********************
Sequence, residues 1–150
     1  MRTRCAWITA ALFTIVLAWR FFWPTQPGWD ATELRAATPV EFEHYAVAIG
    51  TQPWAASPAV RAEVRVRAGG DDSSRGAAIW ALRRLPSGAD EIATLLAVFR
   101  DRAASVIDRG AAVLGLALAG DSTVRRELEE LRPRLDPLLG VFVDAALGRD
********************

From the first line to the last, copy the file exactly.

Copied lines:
Sequence, residues 1–150
     1  MRTRCAWITA ALFTIVLAWR FFWPTQPGWD ATELRAATPV EFEHYAVAIG
    51  TQPWAASPAV RAEVRVRAGG DDSSRGAAIW ALRRLPSGAD EIATLLAVFR
   101  DRAASVIDRG AAVLGLALAG DSTVRRELEE LRPRLDPLLG VFVDAALGRD